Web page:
BP Statistical Review of World Energy 2019 analyses the year 2018, which is characterized by rapid growth of energy demand and rise of carbon emissions.
In 2018, energy consumption increased by 2.9%, exceeding the figures of 2017 (2.2%), marking the fastest growth in the last 10 years. 43% of this growth was driven by natural gas, followed by renewables (14.5%). Three countries, China, the USA and India are responsible for about 70% of the global increase in energy demand with energy consumption in the USA experienced its fastest rate of growth for 30 years. In the European Union, Finland, Switzerland and France were the countries with the highest energy consumption growth rate in 2018.
Other important findings in the report regarding energy developments in 2018 are:
- Oil consumption grew by 1.5%, with China and the USA leading the way. USA oil production set a new global record in 2018, increasing by 2.2 million barrels per day. It should be noted that the average price of oil rose in 2018 to $71.31 per barrel ($54.19 in 2017).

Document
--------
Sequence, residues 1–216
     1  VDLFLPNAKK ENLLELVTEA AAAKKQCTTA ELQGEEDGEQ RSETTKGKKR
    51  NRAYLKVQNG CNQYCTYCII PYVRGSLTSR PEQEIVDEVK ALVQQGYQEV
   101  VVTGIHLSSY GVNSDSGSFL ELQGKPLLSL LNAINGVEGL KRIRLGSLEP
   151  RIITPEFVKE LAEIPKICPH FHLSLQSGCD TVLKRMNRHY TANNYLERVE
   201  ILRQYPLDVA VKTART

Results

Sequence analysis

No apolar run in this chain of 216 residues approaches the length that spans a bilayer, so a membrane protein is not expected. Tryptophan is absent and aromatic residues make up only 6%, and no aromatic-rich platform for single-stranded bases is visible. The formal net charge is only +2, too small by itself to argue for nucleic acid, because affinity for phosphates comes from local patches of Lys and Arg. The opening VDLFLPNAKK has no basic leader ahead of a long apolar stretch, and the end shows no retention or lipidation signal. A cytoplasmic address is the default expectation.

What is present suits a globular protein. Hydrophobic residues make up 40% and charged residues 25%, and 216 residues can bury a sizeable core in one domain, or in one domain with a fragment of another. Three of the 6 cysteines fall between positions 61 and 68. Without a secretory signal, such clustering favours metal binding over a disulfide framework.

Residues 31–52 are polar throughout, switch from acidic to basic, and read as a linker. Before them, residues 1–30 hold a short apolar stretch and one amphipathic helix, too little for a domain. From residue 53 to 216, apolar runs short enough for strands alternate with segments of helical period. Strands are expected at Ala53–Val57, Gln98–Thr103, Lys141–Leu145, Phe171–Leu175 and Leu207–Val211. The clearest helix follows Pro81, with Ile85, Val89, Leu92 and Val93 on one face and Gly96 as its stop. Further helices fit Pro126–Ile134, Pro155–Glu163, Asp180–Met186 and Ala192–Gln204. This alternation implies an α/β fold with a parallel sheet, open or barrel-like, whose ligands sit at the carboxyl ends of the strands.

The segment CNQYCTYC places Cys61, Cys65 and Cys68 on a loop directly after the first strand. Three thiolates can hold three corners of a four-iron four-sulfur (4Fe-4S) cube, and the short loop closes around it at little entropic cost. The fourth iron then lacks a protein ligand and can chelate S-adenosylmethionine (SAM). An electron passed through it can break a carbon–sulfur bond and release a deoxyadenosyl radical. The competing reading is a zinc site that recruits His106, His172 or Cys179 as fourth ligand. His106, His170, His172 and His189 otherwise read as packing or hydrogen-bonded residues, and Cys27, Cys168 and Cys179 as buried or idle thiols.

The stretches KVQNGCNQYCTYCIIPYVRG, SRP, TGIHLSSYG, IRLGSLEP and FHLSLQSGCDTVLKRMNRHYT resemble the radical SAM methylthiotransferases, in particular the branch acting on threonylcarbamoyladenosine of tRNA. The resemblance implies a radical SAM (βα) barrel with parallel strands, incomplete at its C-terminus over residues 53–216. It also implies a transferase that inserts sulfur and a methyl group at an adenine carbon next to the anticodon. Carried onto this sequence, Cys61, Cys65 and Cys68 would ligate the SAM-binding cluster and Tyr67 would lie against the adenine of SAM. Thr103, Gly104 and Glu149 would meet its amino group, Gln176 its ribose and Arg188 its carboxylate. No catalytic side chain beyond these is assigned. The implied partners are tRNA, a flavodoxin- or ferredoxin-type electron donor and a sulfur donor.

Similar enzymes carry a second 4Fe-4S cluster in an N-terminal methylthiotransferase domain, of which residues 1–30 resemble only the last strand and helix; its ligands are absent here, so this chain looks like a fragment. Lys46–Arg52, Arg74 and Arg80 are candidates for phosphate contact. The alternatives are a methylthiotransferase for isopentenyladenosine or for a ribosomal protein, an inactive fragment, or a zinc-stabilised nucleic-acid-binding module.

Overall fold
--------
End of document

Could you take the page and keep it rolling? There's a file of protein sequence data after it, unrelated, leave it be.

- Mainly driven by shale gas, the USA has also record-breaking achievements in natural gas, increasing its production by about by 86 bcm followed by Russia (34 bcm), Iran (19 bcm) and Australia (17 bcm).
- Coal consumption rose by 1.4%, led by India and China. Coal demand in the OECD countries fell to its lowest level since 1975.
- Although growth in renewable energy slightly fell (14.5% compared to 17% in 2017), renewables remained by far the fastest growing energy source worldwide. China was again the leader in renewable’s growth contributing 45%, more than the entire OECD combined.
- Nuclear generation showed its fastest growth since 2010, rising by 2.4%, with China contributing three quarters of it, followed by Japan.
- Global electricity generation grew by an above-average figure of 3.7%, with China responsible for half of it, ahead of India and the USA. Although renewables led the way in net increase in power generation, their total share in 2018 made 9.3% (8.4% in 2017). Coal, with 38%, is still the number one fuel in global power generation.
The researchers note that the worrying trend in the rise of carbon emissions that started in 2017 (1.6%) only intensified in 2018, resulting in 2.0% growth, the fastest increase for many years.